By Alicia M. Cohn - 06/12/12 12:38 PM EDT
Florida Gov. Rick Scott (R) called his determination to remove ineligible voters from Florida's voting rolls "a no-brainer" on Tuesday, charging the administration with "stonewalling" the attempt.
"We're sitting here trying to watch how we spend our money, pay down our debt, do the right things for the citizens of our state, and the federal government tells us, 'Oh, no, you can't do the right thing for our citizens and we're going to sue you,' " Scott said on Fox News. "It doesn't make sense."
"This is protecting the rights of U.S. citizens and not diluting their vote by non-U.S. citizens," Scott said. "When non-U.S. citizens register and vote, it is illegal, it is a crime."
Florida began purging county voting rolls this year in order to eliminate ineligible voters ahead of what will likely be a hotly contested election, but stopped due to the administration's protests.
The DOJ earlier this month warned that Florida's move violated the Voting Rights Act of 1965, landmark legislation that sought to end racially discriminatory voting practices. According to the DOJ, Florida is depending on faulty records to determine ineligible voters. But Scott said DHS has refused to allow his state access to the national immigration database it needs to confirm citizenship status. Florida has been requesting access to the Systematic Alien Verification for Entitlements (SAVE) database for nine months, according to Scott.
Florida is now suing the administration for access.
"We've done all the right things," Scott said in another appearance on CNN's "Starting Point." "We're put in a position where we don't have a choice but to sue them to get access to a database ... to make sure that your right as a citizen is not diluted by a non-citizen."
Scott blasted the department for "stalling" on Florida's request for nine months. "The Florida Secretary of State's office has been working with Homeland Security for months asking for his database so we can do it right," he said. "We tried to use our own database to do it ... even with that database, we've found 100 people not entitled to vote and we know 50 of them have voted."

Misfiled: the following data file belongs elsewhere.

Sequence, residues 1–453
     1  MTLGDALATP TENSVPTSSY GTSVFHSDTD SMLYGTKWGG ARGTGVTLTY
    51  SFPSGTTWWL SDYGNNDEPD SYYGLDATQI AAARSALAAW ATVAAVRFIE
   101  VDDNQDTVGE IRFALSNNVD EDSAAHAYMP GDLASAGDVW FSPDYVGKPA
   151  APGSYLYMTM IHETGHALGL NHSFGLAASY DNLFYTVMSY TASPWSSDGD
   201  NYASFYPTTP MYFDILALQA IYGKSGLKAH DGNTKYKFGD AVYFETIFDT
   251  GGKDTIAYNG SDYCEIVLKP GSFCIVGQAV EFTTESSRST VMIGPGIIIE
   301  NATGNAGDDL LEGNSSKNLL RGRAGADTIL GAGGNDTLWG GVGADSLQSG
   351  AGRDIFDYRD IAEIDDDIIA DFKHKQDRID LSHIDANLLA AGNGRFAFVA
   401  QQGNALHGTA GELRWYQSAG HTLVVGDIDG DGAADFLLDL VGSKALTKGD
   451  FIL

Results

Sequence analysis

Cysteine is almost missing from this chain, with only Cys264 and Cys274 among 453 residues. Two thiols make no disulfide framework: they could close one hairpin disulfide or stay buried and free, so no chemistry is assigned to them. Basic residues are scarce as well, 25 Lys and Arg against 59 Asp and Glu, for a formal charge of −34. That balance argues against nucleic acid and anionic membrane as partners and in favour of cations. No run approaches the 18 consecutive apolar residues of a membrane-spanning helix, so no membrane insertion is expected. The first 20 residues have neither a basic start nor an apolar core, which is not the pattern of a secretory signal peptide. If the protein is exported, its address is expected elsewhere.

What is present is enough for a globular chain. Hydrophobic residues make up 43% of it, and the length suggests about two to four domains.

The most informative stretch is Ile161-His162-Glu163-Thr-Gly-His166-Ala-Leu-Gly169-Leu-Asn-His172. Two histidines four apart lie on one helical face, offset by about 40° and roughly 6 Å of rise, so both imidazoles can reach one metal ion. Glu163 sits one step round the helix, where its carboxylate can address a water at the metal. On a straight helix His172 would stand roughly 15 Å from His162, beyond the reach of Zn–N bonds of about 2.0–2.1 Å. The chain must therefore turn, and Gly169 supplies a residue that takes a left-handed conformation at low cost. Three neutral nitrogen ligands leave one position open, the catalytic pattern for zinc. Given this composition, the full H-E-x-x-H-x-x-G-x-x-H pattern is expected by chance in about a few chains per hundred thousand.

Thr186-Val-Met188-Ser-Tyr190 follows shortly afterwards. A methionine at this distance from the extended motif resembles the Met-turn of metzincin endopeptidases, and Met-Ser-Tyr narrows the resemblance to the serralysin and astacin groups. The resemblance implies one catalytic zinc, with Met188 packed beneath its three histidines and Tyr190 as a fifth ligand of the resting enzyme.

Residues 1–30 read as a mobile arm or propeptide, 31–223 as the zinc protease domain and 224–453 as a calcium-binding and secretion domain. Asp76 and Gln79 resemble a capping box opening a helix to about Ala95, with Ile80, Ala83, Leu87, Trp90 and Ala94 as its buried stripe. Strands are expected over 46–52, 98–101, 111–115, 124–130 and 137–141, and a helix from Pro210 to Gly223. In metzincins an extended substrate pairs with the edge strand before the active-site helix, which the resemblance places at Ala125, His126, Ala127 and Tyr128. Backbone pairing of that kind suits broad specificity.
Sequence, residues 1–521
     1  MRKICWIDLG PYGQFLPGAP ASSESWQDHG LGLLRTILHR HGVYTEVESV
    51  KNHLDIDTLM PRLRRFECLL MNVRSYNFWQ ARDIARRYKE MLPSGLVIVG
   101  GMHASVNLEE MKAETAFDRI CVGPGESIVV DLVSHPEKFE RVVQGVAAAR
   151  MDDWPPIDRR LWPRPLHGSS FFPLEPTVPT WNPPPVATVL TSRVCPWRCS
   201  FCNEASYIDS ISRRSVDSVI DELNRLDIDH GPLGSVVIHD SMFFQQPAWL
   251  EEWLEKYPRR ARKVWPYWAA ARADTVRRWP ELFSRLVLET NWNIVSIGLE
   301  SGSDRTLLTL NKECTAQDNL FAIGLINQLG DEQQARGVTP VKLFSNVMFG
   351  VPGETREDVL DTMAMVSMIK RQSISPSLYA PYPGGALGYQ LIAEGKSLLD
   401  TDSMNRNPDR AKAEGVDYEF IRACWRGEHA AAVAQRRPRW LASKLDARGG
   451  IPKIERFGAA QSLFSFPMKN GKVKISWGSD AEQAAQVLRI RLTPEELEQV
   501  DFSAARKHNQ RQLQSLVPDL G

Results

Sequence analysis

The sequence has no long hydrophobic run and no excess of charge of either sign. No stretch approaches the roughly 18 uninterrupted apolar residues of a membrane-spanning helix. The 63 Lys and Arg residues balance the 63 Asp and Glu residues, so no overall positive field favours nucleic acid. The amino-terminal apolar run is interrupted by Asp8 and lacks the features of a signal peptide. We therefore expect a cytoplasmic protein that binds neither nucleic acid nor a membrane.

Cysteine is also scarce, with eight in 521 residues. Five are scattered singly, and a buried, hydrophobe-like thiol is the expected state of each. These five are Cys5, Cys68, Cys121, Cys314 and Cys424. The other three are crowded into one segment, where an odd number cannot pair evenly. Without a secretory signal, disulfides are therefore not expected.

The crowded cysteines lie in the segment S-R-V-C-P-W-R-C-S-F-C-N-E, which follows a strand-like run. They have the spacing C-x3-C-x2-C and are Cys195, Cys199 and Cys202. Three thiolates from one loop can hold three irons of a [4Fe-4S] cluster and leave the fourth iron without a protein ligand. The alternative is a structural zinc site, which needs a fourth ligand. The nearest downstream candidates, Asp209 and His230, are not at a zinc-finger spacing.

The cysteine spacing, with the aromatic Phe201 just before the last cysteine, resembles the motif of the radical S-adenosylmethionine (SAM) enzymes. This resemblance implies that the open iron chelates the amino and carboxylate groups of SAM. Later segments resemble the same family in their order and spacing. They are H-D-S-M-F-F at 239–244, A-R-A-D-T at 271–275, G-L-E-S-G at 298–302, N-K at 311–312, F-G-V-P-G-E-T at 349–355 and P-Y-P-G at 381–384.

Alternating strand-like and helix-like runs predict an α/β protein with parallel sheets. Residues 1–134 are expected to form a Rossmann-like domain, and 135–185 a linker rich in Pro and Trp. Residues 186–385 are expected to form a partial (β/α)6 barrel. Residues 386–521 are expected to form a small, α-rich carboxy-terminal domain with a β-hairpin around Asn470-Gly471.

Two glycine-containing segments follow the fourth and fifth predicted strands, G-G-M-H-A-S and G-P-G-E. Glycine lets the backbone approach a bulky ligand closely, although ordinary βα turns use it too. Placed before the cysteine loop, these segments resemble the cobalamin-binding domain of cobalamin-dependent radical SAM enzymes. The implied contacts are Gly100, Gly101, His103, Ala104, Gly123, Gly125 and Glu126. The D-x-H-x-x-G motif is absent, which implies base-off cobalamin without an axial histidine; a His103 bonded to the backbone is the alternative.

Scott's critics charge that Scott is looking to help Republicans in November, particularly in the presidential election. Florida is expected to be a critical battleground state and has decided the presidential election in the past, notably in 2000. Scott dismissed the charges, saying the issue is nonpartisan.
"I can't imagine any U.S. citizen wants a non-citizen to dilute a citizen's vote," he said on CNN. "We want people to participate in our races. That's what America's about. I want everybody to vote ... but not non-U.S. citizens."
But on Fox, he did acknowledge the importance of getting the job done before the November election.
"Elections sometimes are really close," he said. "We don't want non-U.S. citizens on our voting rolls and voting, so I'm going to do my best to get it done as quickly as I can."
While Republicans say state voter registration rolls are filled with ineligible voters, Democrats allege that the efforts are attempts at voter suppression and the issue has led to battles over voting rights laws in multiple states.
Attorney General Erick Holder has challenged laws requiring government-issued photo identification at the polls in South Carolina and Texas.